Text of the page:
To the Editor,

I’d like to reflect and comment on the roots we plant as small-town people. Our community has brought memories that are incomparable and sometimes even out of reach for those who opt for a different lifestyle. 

I have always held close to my heart the many people who have left footprints in our community. I miss the most the things and people we take for granted until they are no longer a part of our day-to-day life. I still miss the irreplaceable smile and wave that came along with the purr of Junior Blumpke’s lawnmower. I miss people who made a difference such as Hub Norgren who was there as my small-town bus driver on the first day of school and who was there to see me off on my last. I can still hear the playlists that were continuously played from the Bowling Alley jukebox, I can smell Big Bopper’s fresh popped popcorn and I can feel the excitement that came from winning a pinball game at the Dairy Bar. I remember a town with filled storefronts, full store shelves, eager volunteers, and a community who shared a genuine concern for what our town was and how it was regarded by residents and outsiders alike.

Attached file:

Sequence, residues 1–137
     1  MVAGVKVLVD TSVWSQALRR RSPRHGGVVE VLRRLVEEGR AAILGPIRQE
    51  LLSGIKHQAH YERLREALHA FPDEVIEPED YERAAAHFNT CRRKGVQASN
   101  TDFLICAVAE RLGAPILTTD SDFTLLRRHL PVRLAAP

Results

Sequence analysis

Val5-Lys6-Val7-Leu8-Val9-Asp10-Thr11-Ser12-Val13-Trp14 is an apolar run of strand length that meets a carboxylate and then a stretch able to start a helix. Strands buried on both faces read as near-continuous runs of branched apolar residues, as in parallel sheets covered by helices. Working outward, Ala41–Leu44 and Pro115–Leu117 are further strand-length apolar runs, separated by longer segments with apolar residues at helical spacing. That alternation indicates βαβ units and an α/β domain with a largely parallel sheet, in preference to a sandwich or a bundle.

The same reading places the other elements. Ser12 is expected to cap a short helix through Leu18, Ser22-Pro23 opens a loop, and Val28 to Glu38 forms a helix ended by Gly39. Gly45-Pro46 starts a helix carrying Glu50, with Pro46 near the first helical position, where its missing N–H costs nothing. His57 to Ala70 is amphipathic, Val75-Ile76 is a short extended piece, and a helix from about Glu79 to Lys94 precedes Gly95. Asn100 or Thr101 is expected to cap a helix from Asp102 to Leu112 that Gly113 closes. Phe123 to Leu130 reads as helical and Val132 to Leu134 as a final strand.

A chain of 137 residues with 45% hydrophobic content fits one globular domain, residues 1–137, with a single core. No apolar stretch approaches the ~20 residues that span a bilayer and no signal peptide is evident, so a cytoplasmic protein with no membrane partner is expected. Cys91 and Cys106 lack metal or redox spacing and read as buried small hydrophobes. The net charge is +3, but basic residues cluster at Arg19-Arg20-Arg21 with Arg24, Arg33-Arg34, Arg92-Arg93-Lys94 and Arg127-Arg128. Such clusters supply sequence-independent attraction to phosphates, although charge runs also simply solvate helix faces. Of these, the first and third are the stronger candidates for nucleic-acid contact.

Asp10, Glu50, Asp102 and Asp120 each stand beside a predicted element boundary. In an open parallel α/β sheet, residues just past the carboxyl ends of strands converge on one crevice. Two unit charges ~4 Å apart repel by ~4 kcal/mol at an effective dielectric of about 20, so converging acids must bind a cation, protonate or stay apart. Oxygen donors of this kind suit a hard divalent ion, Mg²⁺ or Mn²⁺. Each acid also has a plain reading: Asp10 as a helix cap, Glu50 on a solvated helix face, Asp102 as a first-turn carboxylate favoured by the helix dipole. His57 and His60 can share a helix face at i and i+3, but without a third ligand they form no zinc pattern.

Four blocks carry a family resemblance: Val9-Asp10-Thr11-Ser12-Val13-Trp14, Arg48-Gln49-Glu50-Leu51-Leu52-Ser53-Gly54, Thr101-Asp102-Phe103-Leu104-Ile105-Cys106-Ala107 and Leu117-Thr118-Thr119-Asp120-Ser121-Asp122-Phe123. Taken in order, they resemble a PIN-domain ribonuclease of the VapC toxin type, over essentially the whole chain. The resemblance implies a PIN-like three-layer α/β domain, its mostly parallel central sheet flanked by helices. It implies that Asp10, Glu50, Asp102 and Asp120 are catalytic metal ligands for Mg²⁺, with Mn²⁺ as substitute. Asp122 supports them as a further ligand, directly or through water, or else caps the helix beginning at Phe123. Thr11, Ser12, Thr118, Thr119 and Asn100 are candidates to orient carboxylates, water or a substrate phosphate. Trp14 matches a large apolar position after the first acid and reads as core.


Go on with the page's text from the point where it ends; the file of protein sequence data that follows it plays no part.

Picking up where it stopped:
Lately, I’m starting to wonder if that’s just how I remember it and not how it was. Perhaps the pressure and tension of adult life hadn’t quite hit me yet before I left Henning—maybe I was still a naïve, young person who just loved her town. 

Unfortunately, because I left I didn’t get to know or even meet the young people who our community has lost in the last two decades. I was states away when the community rallied for a little boy who fought and beat cancer. I missed a lot, but, as small-town people do, I followed along with these stories. 

From afar, I mourned losses and celebrated wins along with you. There is no denying that our little town never wavers when one of our own is in need. I’ve experienced it first-hand and it is a feeling of compassion unlike any other. 

What I can’t do though, is compare the same considerations for courageous victories and tragic losses to what our town is facing now. There is a vast contrast between the two things. Irresponsible actions made by our elected officials is not relative, in any way, to supporting a grieving family or cheering on a team who is mourning their friend. It. Is. Wrong. 

If we want the sea of orange and the sold-out benefits, if we want the same outcome, we need to show up. It was together we supported. It was together we showed up. Together, no matter how different our views were.

Hope Sapp (Weinhandl),